Greek Literature in Late Antiquity: Dynamism, Didacticism, Classicism
Scott Fitzgerald Johnson, Introduction
Part I. Dynamism
Averil Cameron, New Themes and Styles in Greek Literature: A Title Revisited Adam H. Becker, The Dynamic Reception of Theodore of Mopsuestia in the Sixth Century: Greek, Syriac, and Latin Christopher P. Jones, Apollonius of Tyana in Late Antiquity Part II. Didacticism
Aaron P. Johnson, Eusebius' Praeparatio Evangelica as Literary Experiment Yannis Papadoyannakis, Instruction by Question and Answer: The Case of Late Antique and Byzantine Erotapokriseis Ruth Webb, Rhetorical and Theatrical Fictions in Chorikios of Gaza Part III. Classicism
Elizabeth Jeffreys, Writers and Audiences in the Early Sixth Century Adrian Hollis, The Hellenistic Epyllion and Its Descendants Mary Whitby, The St Polyeuktos Epigram (AP 1.10): A Literary Perspective Scott Fitzgerald Johnson, Late Antique Narrative Fiction: Apocryphal Acta and the Greek Novel in the Fifth-Century Life and Miracles of Thekla
There are several people without whom this volume would have been signiﬁcantly delayed or might not have come to press at all. On behalf of the contributors, I would like to express our collective appreciation for their assistance.
First and foremost among these is James George, a fellow traveler with this book who in the end was not able to be a part of its ﬁnal version. Not only did he help conceive the project several years ago, but he was an important member of our original Oxford conference on which the book is based. His enthusiasm for both Greek literature and late antiquity is unﬂagging and it played a crucial role in moving towards publication. Out of gratitude and friendship I have chosen to dedicate this book to him.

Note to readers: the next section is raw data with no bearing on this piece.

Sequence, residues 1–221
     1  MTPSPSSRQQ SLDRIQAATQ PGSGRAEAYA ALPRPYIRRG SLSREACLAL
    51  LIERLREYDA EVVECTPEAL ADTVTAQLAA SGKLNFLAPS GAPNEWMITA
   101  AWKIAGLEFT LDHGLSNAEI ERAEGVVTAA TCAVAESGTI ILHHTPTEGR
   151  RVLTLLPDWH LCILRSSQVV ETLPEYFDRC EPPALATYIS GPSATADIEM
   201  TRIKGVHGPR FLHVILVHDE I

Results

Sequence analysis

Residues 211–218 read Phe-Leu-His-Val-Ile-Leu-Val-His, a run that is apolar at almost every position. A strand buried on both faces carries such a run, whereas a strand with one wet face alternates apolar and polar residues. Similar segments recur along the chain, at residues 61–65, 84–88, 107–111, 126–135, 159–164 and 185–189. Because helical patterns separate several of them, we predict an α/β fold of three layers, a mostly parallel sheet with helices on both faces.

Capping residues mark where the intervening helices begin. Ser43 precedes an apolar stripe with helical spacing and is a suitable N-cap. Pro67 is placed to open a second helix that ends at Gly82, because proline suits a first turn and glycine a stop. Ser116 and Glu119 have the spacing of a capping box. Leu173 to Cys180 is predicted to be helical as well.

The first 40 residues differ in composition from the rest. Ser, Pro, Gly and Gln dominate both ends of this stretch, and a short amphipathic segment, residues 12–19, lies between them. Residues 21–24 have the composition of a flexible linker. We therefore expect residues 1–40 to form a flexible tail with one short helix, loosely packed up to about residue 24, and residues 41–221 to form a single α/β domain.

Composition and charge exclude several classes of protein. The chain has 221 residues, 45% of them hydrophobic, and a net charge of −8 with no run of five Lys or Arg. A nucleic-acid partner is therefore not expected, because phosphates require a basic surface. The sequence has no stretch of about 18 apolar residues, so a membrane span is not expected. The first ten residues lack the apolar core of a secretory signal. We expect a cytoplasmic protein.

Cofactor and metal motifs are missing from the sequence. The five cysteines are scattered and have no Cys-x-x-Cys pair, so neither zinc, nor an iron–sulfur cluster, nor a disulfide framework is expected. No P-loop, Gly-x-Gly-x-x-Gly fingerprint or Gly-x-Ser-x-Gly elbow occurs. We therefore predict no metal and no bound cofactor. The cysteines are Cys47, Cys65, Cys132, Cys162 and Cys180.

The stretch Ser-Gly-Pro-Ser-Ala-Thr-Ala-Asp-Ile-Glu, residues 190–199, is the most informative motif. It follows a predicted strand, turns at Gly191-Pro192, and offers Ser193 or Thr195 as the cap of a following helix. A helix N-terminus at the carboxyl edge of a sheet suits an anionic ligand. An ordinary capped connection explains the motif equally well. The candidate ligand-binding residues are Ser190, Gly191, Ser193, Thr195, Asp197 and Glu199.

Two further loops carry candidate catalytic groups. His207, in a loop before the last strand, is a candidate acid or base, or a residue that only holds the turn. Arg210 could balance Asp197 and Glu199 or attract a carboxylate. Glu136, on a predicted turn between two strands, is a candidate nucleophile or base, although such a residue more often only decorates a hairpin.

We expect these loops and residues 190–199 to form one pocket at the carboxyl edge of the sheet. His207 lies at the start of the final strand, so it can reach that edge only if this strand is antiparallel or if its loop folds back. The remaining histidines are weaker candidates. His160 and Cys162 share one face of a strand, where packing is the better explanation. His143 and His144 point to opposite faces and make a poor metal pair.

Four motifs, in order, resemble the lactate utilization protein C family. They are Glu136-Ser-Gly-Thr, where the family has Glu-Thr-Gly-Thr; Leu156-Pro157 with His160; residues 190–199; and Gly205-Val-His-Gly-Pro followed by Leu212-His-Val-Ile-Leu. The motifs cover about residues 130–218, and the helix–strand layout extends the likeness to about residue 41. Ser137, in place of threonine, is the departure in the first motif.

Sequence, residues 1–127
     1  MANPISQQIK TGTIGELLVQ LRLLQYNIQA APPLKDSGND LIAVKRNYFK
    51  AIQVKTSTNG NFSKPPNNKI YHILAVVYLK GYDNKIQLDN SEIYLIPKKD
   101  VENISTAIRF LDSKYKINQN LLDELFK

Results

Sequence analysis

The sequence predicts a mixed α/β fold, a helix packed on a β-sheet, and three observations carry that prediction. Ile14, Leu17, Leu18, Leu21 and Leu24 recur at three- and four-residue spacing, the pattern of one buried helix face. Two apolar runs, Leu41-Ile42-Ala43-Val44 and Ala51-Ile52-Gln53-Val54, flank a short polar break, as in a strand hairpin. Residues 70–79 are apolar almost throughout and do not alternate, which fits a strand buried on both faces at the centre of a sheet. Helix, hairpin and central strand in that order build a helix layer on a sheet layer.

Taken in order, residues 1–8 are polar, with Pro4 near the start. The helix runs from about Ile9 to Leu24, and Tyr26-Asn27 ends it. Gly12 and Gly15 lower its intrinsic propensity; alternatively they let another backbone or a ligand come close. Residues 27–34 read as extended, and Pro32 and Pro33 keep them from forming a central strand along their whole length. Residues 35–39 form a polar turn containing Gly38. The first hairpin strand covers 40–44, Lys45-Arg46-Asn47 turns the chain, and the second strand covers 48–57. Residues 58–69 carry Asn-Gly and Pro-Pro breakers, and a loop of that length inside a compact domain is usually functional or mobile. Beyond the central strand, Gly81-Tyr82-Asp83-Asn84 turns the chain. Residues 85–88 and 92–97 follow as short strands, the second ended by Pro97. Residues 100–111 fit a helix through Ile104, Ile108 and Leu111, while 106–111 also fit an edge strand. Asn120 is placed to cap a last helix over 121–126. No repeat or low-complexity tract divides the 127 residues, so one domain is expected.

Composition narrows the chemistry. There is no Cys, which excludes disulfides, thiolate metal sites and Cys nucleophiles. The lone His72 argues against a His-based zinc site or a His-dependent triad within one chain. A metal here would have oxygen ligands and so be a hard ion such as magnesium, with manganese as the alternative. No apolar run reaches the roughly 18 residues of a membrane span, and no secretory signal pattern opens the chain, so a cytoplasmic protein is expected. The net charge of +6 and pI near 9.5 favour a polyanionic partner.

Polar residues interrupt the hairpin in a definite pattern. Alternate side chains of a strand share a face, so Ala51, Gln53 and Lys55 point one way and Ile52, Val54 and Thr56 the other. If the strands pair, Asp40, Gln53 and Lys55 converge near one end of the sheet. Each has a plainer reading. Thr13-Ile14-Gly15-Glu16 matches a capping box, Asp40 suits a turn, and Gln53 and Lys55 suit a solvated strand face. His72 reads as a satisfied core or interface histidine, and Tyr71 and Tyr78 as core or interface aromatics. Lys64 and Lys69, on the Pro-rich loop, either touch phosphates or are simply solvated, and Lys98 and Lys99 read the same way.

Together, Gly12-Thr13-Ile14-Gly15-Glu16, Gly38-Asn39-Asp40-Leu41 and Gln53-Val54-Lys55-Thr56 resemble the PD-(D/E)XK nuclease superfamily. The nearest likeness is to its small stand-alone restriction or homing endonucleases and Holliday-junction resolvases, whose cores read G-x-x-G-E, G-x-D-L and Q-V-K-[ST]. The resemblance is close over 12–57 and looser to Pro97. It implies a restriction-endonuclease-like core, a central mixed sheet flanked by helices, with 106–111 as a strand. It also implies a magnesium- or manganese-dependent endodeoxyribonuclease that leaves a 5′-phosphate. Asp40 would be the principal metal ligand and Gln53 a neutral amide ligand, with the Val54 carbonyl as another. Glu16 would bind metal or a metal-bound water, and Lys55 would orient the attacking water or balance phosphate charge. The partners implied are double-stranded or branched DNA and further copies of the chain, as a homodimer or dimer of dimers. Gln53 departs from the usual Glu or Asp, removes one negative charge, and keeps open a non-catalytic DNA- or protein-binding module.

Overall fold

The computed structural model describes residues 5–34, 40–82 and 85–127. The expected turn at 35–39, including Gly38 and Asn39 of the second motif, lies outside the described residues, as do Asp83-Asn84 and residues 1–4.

I would also like to thank Matthew Polk, who worked painstakingly with Greek fonts and bibliographical stylesheets to lay the foundation of the text you see before you. He was the ﬁrst-round copy editor who dealt gently with all the idiosyncrasies of our various computers and academic proclivities. I am also grateful for his help with the index. He has been a friend and colleague in the publication process from beginning to end.
Ivy Livingston was responsible for making the text look like a real book, and she did a marvelous job. As always, she was professional, courteous, and prompt. An editor simply could not ask for a more talented and affable typesetter, especially one so gifted at making thorny design problems look easy.
I am grateful to my colleagues in the Society of Fellows for wide-ranging discussions that helped to shape the vision of this volume. In particular, I would like to thank David Elmer and Gregory Nagy for reading the introduction and suggesting improvements and Jonathan Bolton and Jurij Striedter for helping me to think about the concept of literary history.
Finally, it is a pleasure to offer my gratitude to John Smedley, Celia Hoare, and the editorial staff at Ashgate. John was excited about this project from our very ﬁrst meeting at the 2004 Byzantine Studies Conference in Baltimore. His encouraging and patient nature is enviable in any context, but particularly when one is falling signiﬁcantly behind a deadline. Above all, he should be warmly thanked for what he has done to advance the knowledge of late antiquity and Byzantium in the scholarly community and beyond.
My wife Carol and daughter Susanna have lived with these papers for many months. I am grateful to them and the rest of my family for their unfailing support and love during this busy season.
Scott Fitzgerald Johnson,